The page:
1. Dogs are amazing. They give so much more than they expect. We love our yellow lab and miss our old yellow lab buddy. I loved reading about Rudy and hope he continues to provide you guys lots of fun and laughs as your adventures continue.

  2. The story of Rudy is book worthy in itself...

  3. I'm also from the Seattle area--would love to know where you got Rudy as a puppy. He's a good looking dog!

  4. I was so glad to find someone else who also has a large dog aboard. We are semi live-aboards at this time, working toward full time and we have a pit bull. Wilbur too has learned how to use a potty patch (after I made Hans pee on it!)and we even posted a picture on our blog (of Wilbur not Hans!). Having a dog on board surely is a challenge (luckily we were in the vicinity of a wonderful vet clinic when Wilbur developed a severe yeast infection this summer)but we love him so much we can't imagine not having him along.
    I'm kind of glad we're on the hard until after the holidays though because for some reason Wilbur developed hives today and so far Benadryl doesn't seem to be doing much! It's no wonder we call him our little hot house flower.
    When we sail away we intend to do so with a years worth of heart worm and flea and tick meds. But can I talk you into doing another post about dogs on board? Like how does Rudy handle your leaving him on the boat while you're gone, and how on earth do you get him off the boat at a floating dock?!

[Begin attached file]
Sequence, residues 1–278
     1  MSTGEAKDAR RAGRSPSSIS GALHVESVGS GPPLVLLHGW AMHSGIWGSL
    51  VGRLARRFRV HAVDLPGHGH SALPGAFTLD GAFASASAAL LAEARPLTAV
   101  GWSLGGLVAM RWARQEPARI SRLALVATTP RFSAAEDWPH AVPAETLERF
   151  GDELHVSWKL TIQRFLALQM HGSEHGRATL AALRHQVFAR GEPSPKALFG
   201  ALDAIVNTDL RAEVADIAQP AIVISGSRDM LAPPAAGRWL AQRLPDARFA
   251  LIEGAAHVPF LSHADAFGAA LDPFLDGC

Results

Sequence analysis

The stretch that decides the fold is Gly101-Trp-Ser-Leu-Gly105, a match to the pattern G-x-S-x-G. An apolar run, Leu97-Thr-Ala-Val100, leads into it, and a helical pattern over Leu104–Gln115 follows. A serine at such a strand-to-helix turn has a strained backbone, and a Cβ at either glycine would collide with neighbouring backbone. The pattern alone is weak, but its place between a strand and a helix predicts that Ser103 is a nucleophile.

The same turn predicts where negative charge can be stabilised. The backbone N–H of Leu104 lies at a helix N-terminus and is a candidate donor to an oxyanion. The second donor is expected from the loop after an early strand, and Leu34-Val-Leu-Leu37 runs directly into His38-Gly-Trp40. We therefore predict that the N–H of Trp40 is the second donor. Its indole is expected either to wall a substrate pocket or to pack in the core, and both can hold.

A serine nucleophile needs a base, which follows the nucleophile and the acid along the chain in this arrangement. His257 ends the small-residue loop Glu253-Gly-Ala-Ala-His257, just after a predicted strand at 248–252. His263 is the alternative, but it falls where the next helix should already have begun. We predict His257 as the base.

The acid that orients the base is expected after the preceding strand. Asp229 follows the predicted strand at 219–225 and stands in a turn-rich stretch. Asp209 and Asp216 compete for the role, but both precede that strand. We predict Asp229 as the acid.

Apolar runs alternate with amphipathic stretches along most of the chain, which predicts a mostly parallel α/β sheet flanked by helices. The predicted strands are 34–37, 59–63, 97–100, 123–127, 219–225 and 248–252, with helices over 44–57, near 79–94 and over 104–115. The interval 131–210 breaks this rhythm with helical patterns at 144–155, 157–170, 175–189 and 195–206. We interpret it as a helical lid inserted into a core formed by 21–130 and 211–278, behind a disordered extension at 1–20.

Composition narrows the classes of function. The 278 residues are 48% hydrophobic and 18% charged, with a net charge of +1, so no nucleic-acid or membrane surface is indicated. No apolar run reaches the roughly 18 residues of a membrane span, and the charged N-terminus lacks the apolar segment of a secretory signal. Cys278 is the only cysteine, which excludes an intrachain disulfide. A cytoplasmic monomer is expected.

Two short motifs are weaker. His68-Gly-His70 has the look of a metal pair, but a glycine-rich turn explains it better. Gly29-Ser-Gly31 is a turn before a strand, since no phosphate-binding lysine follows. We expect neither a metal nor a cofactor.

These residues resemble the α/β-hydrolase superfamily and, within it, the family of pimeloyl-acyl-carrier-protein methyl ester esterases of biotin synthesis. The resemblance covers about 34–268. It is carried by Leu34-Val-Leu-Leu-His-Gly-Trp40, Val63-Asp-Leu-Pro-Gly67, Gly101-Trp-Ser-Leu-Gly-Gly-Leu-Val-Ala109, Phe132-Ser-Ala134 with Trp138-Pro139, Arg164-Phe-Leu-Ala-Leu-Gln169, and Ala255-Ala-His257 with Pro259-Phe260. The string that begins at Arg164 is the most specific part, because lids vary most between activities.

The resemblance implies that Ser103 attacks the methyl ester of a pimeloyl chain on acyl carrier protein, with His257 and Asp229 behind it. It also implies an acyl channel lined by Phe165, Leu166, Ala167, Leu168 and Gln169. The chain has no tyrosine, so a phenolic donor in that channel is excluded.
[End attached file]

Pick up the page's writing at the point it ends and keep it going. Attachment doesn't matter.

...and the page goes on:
5. Those are invaluable tips for life with a dog in the middle of the ocean. We're about to start a cruise in the Sea of Cortez with our young, rambunctious golden retriever and we will take this information to heart. Also, we've heard differing reports on dog regulations for the islands in the Sea of Cortez. Can you speak to your experiences there (is it legal to go ashore with dogs? is is frowned upon? etc). thanks

  6. It is my understanding that every island in the Sea of Cortez is part of a protected zone. However, there are really only a few places where it really matters. The Loreto area islands, the La Paz area islands and Isla Isabel off San Blas are all areas where it is very frowned on. People still do it, but we don't. The other islands have signs on them telling you not to let mascots (cats and dogs) ashore, but it is not enforced or policed. My understanding is that it is more about not abandoning animals on the islands which would screw up the ecosystem (and is something we would never do.) However, one of my great finds this summer was the skull of a domestic cat found on Isla Angel de la Guarda, so someone is.

  7. Thanks for this blogging site. That's all I can say. You most actually have produced this blogging site into something that's eyes opening and vital. You obviously find out a lot about the subject, you've included so many bases. Great material from this part of the internet.